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Day two in Cannes

Razia Iqbal | 18:36 UK time, Thursday, 14 May 2009

fishtank.jpgWhy is it that Cannes audiences love gritty realism? Is it because the glitz and glamour outside is just so excessive that inside, on the cinema screens, they prefer a truer picture of the world?

I wondered about this contrast after a screening of British film Fish Tank, which is in competition for the Palme D'or. The story of a fifteen-year-old girl (played by newcomer Kate Jarvis, who was cast after being seen arguing with her boyfriend at Tilbury Station) whose life changes when her mother's new boyfriend moves in, it is unrelenting in its portrayal of poverty and the hopelessness of the central characters' lives.

Nonetheless, the press audience cheered and clapped at the end.

Among the British directors beloved here are Mike Leigh and Ken Loach - and they are hardly known for their upbeat visions of the world. Okay, I know Mike Leigh had a recent success with Happy Go Lucky and, this year, Ken Loach is bringing a bit of magical realism to the Croisette with his Eric Cantona story, Looking for Eric. But both these directors made their reputations with serious, and often grim, portrayals of society. Andrea Arnold, who directed Fish Tank, seems to be following in their wake.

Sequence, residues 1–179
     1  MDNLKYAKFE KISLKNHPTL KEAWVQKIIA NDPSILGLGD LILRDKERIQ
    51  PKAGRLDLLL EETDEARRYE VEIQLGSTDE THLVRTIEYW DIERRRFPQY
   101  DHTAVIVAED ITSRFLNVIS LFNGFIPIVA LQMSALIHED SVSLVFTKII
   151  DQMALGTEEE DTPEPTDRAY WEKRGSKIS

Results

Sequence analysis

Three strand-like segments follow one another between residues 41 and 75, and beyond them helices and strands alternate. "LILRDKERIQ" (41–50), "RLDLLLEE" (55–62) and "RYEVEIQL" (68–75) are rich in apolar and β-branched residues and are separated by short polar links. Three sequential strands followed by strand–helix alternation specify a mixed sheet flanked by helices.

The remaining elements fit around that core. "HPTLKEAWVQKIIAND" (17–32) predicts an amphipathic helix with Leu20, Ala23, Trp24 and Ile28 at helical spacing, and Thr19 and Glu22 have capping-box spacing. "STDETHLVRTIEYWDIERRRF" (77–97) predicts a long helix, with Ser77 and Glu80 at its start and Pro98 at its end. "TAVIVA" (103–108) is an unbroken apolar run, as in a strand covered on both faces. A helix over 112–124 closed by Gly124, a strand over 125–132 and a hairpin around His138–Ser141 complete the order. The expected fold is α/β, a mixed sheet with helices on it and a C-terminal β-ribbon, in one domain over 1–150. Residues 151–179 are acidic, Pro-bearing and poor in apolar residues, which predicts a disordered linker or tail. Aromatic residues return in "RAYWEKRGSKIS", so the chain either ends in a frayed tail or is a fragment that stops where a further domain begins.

On a lighter note, I spoke to the new Doctor Who today. Matt Smith is in Cannes promoting a short in the Critics' Week competition. The film is called Together and the experience has drawn him to the form. He told me he wants to make a short film one day. and maybe even go on to to direct a feature and bring it to Cannes.

So, for all those fans desparate to see him as the new Doctor, it is clear he is an actor refusing to have his career defined by any role, no matter how big a star it makes him.

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  • Comment number 1.

    I think you are right. There is something very odd about glamorous press junkets that revolve around this kind of thing. I don't think the art is at fault at all. But the mechanisms surrounding it are thrown into relief. I have never been to Cannes, but I have been to the Venice Biennale. In 2007, the theme in the Arsenale, was overridingly, bludgeoningly, WAR. Yet, outside, it was all about parties and networking, and the ostensibly political art never travelled anywhere, which felt, as it should do, somewhat sick. I could go on, but of COURSE it is grotesque, and an obscene contradiction.


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